Post-1970 MLs (was Re: Curious ML Binding)

j b krygier jbkrygie at owu.edu
Tue Aug 20 14:53:32 EDT 2002


GORDON NEAVILL wrote:

> John's copy of Irwin Shaw's SELECTED SHORT STORIES probably 
> dates from around 1971.  The price of ML books went up to 
> $2.95 in 1970, so it can't be earlier than that.  Plain 
> white endpapers were commonly substituted for Fujita's "ml" 
> endpaper after 1970.
> 
> What's surprising is that Shaw's SELECTED SHORT STORIES was 
> being published at all after 1970.  RH was discontinuing one 
> ML title after another in 1971.  A huge part of the series 
> disappeared that year.  

Years back when I read some of Barry's research
on the Modern Library I remember being surprised
that MLs were printed after 1970.  I have read
and heard over and over that ML was discontinued
in 1970, with the implication being that no post
1970 MLs were printed (until the revival in 1977).

I had noticed some odd characteristics of a
few of my Toledano #14 (tall) MLs:

- cheap, coarse, and (now) yellowing paper on a
	few titles (Saki, Joyce's Dubliners, Sons
	and Lovers, a few Faulkners); usually
	paired with a cheap looking tan or
	denimesque book binding.

- blank endpapers - not the Fujita endpapers that
	were supposed to adorn binding #14.

- an ISBN (International Standard Book Number)
	printed on the DJ (back cover, there is
	one on my odd copy of Shaw's Short Stories
	at http://tinyurl.com/11zi - but also on
	all the MLs with the cheap paper, and a
	few others.

Now, ISBN was adopted as a standard in 1970 (info:
http://www.isbn.org/standards/home/isbn/international/history.asp)
and I am assuming Random House began to use it after
that (maybe Barry knows exactly when).

This is all semi important, thinks I:

I have two copies of the definitive text edition
of Joyce's Dubliners (First ML Ed, 1969).  One
has white, smooth paper, Fujita endpapers, and
no ISBN on the DJ.  The other has yellowed, coarse
paper, white (well, yellowing) end papers, and
an ISBN on the DJ (which otherwise are identical).
Both say First ML edition.

Given the fact that MLs were printed after 1970,
it seems that there should be a distinction between
these two books - one is actually a true first and
the other is a subsequent printing (Henry's Guide
indicates only a 1st edition printing for this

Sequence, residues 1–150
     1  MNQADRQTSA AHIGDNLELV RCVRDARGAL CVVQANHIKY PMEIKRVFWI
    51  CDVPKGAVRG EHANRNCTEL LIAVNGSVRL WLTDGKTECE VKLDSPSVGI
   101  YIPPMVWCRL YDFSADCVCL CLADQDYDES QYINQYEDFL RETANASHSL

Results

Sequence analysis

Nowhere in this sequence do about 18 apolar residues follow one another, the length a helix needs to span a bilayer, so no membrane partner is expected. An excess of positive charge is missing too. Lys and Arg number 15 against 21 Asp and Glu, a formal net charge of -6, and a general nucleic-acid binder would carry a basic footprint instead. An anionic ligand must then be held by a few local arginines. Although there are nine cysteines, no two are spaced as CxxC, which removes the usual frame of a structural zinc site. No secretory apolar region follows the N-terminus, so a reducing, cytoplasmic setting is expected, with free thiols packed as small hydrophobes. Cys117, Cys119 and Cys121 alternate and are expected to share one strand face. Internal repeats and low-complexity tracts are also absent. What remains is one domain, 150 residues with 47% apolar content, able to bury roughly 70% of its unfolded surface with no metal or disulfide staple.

title).  I would think that the non-1st would be
worth substantially less than M ($40) as noted in
the Guide.

I have also seen a many copies of Kafka's "The
Castle" that have the post-1970 characteristics,
and fewer that seem to be 'true' firsts (eg.,
white paper, endpapers, no ISBN).  Maybe a 'true'
first of this title should be worth more than the
G it is assigned in the Guide.

I am wondering if there are other late 1960s ML
1st editions that also had second, post 1970
printings?

In any case, it does seem important to sort out
the differences between true firsts and subsequent
printings in the late 1960s MLs - and it is not
hard to do given the distinctions in DJ, paper,
and bindings.

Any thoughts on this?


It is also kinda interesting that there were post
1970s printings that had a variety of characteristics;
my strange copy of Shaw's Short Stories is one
example, and if any of you have other odd variants
it would be interesting to hear about them.


JK


> ---- Original message ----
> 
>>Date: Sat, 17 Aug 2002 17:16:58 -0400
>>From: j b krygier <jbkrygie at owu.edu>  Subject: Curious ML Binding  
>>To: ModLib List <modlib at algol.owu.edu>
>>
>>Hi Modlib people,
>>
>>It has been quiet here!  We have added about
>>a dozen subscribers in the last month.
>>
>>Here is a ML quiz: I put some images of
>>a copy of Irwin Shaw's 'Selected Short
>>Stories' on my WWW site: what Toledano
>>binding # is it?
>>
>>images are here: http://tinyurl.com/11zi


-- 
j   b   k r y g i e r

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